A board of characters in Margin of the Strange
A myriad of characters and mysteries await exploration alongside the gardening gameplay of Margin of the Strange.
Source: Future Cat

Shacknews: We’ve seen garden games in the past, but this seems altogether different and interesting. What pushed the team to pursue the themes and gameplay we’ve seen in Margin of the Strange so far?

Nightmargin: I studied biology back in college and now I like to make up weird ecosystems in my head for fun. I’m not necessarily a stickler for perfect scientific accuracy, and my general logic is “maybe it’s feasible in some cases, but probably closer to fantasy than real world science.” For example, I wouldn’t go so far as to call the flora and fauna of the Margin world as silicon-based life (because the conditions for that to evolve are just way too extreme!), they’re more similar to glass-shelled organisms that exist on earth, such as diatoms or radiolarians. In Margin, I can imagine that happening on a much bigger scale – something that would not make sense for life on earth. (OneShot is another example of this, except that ecosystem is based on light instead of glass, and mostly only alluded to.)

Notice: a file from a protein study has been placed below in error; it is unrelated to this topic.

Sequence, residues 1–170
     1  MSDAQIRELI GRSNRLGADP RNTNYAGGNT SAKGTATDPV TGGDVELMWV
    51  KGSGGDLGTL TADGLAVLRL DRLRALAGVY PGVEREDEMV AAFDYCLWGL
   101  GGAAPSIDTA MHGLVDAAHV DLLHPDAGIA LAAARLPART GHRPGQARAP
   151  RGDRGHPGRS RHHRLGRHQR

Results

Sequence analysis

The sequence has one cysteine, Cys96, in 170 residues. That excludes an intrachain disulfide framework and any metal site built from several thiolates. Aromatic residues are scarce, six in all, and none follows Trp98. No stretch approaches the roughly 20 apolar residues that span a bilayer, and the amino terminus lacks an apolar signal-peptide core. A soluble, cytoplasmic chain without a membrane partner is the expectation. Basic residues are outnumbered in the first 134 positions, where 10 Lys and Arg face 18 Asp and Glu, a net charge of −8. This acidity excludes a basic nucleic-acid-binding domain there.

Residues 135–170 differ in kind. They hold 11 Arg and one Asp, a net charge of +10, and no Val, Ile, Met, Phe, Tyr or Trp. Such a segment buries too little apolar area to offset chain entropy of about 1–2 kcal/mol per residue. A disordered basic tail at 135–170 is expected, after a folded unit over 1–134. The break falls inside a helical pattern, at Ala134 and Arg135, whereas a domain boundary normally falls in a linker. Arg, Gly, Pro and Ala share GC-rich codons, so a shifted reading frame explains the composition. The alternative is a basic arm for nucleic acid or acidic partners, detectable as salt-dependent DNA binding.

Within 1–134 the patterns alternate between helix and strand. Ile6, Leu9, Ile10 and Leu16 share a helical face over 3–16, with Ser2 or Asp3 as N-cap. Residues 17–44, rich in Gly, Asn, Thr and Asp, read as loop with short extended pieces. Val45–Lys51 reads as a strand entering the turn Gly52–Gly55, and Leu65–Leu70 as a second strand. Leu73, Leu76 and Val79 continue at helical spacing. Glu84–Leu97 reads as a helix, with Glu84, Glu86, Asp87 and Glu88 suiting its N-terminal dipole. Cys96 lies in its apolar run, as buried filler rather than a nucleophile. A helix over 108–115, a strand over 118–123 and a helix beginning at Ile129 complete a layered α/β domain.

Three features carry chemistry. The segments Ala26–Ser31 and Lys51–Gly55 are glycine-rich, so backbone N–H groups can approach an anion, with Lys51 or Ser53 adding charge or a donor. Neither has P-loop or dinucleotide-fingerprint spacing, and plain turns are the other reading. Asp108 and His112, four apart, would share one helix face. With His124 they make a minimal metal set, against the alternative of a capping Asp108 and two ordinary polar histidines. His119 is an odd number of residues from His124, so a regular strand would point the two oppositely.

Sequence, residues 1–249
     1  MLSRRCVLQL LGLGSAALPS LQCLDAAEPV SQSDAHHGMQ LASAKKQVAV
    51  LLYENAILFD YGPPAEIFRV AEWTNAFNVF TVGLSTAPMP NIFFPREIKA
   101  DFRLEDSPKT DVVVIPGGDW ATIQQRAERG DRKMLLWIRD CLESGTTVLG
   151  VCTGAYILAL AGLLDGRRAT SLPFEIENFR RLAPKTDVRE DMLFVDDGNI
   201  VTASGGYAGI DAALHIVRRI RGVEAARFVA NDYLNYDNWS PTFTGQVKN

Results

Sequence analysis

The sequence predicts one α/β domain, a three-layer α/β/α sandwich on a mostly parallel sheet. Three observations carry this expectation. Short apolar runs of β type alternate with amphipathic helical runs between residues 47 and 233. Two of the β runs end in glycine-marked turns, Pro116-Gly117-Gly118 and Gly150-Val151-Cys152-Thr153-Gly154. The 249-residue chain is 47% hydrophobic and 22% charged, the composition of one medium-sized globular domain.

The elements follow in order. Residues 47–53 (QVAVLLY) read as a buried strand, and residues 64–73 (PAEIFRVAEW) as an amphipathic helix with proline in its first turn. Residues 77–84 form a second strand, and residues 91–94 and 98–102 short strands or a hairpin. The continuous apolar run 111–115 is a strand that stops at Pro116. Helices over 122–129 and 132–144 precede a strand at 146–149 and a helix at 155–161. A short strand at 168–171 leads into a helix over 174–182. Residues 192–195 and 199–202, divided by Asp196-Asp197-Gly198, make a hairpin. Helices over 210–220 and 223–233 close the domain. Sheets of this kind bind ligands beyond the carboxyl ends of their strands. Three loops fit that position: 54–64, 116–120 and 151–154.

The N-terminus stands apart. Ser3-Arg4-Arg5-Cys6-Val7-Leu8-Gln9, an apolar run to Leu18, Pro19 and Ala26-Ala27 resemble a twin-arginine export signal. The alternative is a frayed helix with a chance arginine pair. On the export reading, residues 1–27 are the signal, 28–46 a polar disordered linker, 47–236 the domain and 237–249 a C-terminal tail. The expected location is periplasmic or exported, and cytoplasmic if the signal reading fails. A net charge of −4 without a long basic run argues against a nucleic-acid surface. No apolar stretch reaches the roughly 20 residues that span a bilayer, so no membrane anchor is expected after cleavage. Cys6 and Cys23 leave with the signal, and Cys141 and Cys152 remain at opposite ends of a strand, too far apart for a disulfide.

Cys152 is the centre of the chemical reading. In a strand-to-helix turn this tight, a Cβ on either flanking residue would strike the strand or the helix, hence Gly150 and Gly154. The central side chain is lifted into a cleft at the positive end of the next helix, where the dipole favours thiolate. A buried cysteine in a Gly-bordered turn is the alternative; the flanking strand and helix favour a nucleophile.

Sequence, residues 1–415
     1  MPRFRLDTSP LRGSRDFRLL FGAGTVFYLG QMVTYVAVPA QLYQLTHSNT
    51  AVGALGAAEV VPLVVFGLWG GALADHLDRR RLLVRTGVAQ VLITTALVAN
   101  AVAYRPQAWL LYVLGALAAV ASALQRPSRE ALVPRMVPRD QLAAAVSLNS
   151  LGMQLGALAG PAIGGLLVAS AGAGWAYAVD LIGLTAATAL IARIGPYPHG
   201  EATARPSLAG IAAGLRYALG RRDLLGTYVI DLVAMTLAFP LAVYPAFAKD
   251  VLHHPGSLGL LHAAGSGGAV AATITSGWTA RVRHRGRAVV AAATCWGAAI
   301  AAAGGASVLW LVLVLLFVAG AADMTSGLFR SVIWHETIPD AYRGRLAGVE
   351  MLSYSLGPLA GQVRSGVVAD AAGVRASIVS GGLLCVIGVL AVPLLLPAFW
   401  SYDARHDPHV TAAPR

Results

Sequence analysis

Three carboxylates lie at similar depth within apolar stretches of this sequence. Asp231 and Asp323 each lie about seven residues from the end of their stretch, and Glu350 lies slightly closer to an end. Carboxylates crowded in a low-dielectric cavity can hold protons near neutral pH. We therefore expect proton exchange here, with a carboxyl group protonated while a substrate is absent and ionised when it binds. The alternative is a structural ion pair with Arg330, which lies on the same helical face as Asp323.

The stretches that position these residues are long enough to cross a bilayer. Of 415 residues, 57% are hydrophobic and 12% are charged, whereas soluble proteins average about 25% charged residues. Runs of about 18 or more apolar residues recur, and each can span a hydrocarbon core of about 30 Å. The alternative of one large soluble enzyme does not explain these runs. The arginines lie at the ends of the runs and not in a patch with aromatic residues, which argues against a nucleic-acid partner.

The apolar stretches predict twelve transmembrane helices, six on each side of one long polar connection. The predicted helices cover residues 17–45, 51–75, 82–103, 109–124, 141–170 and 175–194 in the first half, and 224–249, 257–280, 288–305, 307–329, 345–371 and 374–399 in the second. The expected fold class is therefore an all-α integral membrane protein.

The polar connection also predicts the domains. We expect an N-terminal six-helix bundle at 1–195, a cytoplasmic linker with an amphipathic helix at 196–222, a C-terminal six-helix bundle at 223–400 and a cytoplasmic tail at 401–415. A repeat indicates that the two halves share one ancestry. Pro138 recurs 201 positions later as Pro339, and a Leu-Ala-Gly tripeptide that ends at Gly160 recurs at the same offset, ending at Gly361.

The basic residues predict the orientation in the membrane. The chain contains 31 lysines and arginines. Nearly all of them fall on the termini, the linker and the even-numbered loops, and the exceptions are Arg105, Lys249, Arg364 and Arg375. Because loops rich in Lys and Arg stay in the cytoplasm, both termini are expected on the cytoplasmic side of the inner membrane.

As for how it impacts gameplay, it’s actually been pretty challenging for us! We can’t just use pre-established Earth rules and craft shorthands like “axe + tree = wood, fire + wood = coal, coal + anvil = energy to forge metal, etc.” Why, the world of Margin doesn’t even have wood! Margin’s energy source and distribution is fundamentally different from how things work on Earth as well, but that’s just science fiction basics. Tutorializing all of this in a fun way without making the player feel like they’re sitting through a lecture has been an interesting challenge to tackle.